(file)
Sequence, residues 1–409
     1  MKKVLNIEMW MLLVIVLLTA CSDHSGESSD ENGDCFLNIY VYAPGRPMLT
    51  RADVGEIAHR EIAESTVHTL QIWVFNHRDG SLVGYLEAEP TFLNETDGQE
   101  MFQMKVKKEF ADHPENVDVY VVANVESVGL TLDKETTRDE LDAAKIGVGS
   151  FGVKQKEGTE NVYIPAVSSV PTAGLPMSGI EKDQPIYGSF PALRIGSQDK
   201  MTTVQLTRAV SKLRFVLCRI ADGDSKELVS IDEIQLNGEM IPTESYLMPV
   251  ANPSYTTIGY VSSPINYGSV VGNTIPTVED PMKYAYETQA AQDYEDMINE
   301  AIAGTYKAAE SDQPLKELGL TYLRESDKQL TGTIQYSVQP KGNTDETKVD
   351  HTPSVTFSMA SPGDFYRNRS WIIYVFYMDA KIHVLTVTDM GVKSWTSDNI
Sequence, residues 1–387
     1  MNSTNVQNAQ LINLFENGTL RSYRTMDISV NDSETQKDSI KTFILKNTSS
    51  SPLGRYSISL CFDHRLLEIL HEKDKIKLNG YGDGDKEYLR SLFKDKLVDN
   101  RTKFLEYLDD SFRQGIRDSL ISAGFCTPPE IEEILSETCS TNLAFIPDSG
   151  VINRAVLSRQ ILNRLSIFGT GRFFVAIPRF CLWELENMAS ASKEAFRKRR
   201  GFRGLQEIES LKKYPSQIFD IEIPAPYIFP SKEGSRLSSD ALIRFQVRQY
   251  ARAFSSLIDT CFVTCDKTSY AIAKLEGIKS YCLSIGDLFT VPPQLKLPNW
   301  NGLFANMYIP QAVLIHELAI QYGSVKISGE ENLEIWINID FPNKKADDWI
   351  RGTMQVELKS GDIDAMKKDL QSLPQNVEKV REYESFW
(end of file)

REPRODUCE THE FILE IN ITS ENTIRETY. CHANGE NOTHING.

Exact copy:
Sequence, residues 1–409
     1  MKKVLNIEMW MLLVIVLLTA CSDHSGESSD ENGDCFLNIY VYAPGRPMLT
    51  RADVGEIAHR EIAESTVHTL QIWVFNHRDG SLVGYLEAEP TFLNETDGQE
   101  MFQMKVKKEF ADHPENVDVY VVANVESVGL TLDKETTRDE LDAAKIGVGS
   151  FGVKQKEGTE NVYIPAVSSV PTAGLPMSGI EKDQPIYGSF PALRIGSQDK
   201  MTTVQLTRAV SKLRFVLCRI ADGDSKELVS IDEIQLNGEM IPTESYLMPV
   251  ANPSYTTIGY VSSPINYGSV VGNTIPTVED PMKYAYETQA AQDYEDMINE
   301  AIAGTYKAAE SDQPLKELGL TYLRESDKQL TGTIQYSVQP KGNTDETKVD
   351  HTPSVTFSMA SPGDFYRNRS WIIYVFYMDA KIHVLTVTDM GVKSWTSDNI
Sequence, residues 1–387
     1  MNSTNVQNAQ LINLFENGTL RSYRTMDISV NDSETQKDSI KTFILKNTSS
    51  SPLGRYSISL CFDHRLLEIL HEKDKIKLNG YGDGDKEYLR SLFKDKLVDN
   101  RTKFLEYLDD SFRQGIRDSL ISAGFCTPPE IEEILSETCS TNLAFIPDSG
   151  VINRAVLSRQ ILNRLSIFGT GRFFVAIPRF CLWELENMAS ASKEAFRKRR
   201  GFRGLQEIES LKKYPSQIFD IEIPAPYIFP SKEGSRLSSD ALIRFQVRQY
   251  ARAFSSLIDT CFVTCDKTSY AIAKLEGIKS YCLSIGDLFT VPPQLKLPNW
   301  NGLFANMYIP QAVLIHELAI QYGSVKISGE ENLEIWINID FPNKKADDWI
   351  RGTMQVELKS GDIDAMKKDL QSLPQNVEKV REYESFW